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A semiconductor is a substance that occupies an intermediate position between conductors, which have high electrical conductivity (metals, electrolytes), and dielectrics, which conduct almost no electric current (porcelain, rubber, and others).

The following are considered as semiconductors: metal oxides such as Al2O3, Cu2O, ZnO, TiO2, sulfide compounds such as Cu2S, Ag2S, ZnS, CdS, HgS, selenide compounds, telluride compounds, certain alloys (MgSb2, ZnSb2, AlSb, ClSb), chemical elements such as germanium, silicon, tellurium, boron, carbon, sulfur, phosphorus, arsenic, as well as complex compounds (such as gallium arsenide and silicon carbide).

A semiconductor is a substance with electrical conductivity ranging from 10-10 to 104 (ohm-cm)-1.

The electrical properties of semiconductors are vastly different from conductors and insulators. Electrical conductivity strongly depends on temperature, illumination, the presence and intensity of an electric field, and the amount of impurities.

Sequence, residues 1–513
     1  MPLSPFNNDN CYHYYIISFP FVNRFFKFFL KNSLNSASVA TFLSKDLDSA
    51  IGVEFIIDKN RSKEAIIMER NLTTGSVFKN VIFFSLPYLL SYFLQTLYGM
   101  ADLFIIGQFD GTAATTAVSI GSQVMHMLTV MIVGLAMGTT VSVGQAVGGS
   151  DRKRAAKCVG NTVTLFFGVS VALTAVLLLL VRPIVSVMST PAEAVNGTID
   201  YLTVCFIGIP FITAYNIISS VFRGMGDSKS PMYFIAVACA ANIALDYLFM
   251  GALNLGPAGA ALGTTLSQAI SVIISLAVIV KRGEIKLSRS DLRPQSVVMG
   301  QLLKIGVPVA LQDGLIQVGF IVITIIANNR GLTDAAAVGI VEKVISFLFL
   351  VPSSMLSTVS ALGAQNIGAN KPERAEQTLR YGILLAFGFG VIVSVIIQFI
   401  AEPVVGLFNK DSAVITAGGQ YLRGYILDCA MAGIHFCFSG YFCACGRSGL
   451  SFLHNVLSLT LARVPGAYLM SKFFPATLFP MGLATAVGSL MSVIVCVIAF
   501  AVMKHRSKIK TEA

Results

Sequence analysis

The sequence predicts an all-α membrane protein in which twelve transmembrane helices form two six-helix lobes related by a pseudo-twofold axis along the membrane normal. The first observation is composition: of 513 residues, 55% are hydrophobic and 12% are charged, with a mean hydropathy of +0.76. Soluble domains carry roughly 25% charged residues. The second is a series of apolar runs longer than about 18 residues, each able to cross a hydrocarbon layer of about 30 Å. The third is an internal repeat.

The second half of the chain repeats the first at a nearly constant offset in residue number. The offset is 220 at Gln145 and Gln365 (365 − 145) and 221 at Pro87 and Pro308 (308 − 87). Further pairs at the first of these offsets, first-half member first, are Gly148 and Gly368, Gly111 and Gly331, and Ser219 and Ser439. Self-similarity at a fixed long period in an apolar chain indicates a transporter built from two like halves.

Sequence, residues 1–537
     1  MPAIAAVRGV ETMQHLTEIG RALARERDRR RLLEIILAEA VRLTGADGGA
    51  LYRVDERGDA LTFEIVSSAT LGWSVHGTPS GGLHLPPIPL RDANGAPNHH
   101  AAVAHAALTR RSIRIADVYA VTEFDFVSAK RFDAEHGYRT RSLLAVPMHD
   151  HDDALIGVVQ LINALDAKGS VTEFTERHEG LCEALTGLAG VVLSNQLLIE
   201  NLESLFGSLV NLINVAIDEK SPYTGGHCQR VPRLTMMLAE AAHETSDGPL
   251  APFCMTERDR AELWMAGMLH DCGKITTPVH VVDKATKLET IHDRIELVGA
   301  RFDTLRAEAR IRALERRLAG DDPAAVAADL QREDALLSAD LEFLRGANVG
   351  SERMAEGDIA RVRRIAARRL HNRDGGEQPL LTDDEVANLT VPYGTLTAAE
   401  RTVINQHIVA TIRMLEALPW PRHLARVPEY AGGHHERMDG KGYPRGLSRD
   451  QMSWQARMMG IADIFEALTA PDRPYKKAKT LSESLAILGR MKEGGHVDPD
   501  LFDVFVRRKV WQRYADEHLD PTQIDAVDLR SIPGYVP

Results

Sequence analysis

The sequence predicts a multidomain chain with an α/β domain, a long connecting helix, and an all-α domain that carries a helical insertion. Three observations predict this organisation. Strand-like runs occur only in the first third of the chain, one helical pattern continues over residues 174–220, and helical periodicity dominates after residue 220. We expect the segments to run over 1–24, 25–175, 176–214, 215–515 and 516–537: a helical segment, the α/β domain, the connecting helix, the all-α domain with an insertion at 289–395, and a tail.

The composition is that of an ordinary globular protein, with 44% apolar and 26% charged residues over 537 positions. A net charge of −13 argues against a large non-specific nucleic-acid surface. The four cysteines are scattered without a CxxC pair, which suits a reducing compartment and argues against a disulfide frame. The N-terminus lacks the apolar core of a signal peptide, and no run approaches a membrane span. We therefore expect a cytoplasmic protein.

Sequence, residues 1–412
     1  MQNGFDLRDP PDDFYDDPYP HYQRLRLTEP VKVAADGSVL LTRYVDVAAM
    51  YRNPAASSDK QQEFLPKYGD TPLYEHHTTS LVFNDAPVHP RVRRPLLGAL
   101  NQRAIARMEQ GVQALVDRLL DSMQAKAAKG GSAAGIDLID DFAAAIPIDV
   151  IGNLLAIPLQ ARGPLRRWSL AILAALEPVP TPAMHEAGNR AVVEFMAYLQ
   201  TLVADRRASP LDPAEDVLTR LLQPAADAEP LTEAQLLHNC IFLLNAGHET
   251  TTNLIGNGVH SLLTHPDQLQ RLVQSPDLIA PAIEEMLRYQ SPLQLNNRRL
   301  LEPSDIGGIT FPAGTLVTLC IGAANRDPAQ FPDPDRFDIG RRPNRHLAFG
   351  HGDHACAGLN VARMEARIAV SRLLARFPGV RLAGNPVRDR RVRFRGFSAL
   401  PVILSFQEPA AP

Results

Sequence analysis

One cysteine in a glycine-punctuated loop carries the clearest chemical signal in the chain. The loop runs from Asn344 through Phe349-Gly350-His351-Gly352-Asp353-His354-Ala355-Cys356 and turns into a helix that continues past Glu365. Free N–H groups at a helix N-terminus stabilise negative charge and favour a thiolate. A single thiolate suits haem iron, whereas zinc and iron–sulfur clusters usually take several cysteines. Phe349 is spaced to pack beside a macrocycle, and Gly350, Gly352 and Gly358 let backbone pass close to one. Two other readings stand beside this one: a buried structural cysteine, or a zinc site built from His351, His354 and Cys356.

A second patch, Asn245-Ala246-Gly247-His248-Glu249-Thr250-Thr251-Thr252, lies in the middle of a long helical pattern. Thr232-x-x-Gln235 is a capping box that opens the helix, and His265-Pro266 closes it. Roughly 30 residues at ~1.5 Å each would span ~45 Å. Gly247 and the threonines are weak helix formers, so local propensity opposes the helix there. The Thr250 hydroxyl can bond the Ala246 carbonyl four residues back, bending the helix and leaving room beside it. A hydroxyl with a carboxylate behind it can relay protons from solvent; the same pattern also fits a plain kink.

Types of conductivity

Semiconductors have two types of conductivity: electronic and hole conductivity.

Electronic conductivity is carried out by free electrons, while hole conductivity is due to the movement of bonds that are left without electrons.

Electronic conductivity

Conductivity that is caused by the movement of electrons is called electronic conductivity and is denoted by the letter n (n-type conductivity).

Free electrons move within the crystal lattice of the semiconductor, similar to free electrons in metals. Conductivity of a semiconductor that is due to the movement of electrons is called electronic conductivity.

Hole conductivity

Conductivity that is due to the movement of holes is called hole conductivity and is denoted by the letter p (p-type conductivity).

As a result of the destruction of covalent bonds, a vacant place is immediately formed at the site of each broken bond, which is called a hole. Since the hole in the crystal moves like a free carrier of electric charge, it is attributed a positive charge. If an external electric field is present, an ordered movement of holes occurs in the semiconductor, and a current associated with the movement of holes is added to the current of free electrons.

Intrinsic conductivity of semiconductors

A pure semiconductor has equal degrees of electronic and hole conductivity (in terms of an equal number of carriers of both types).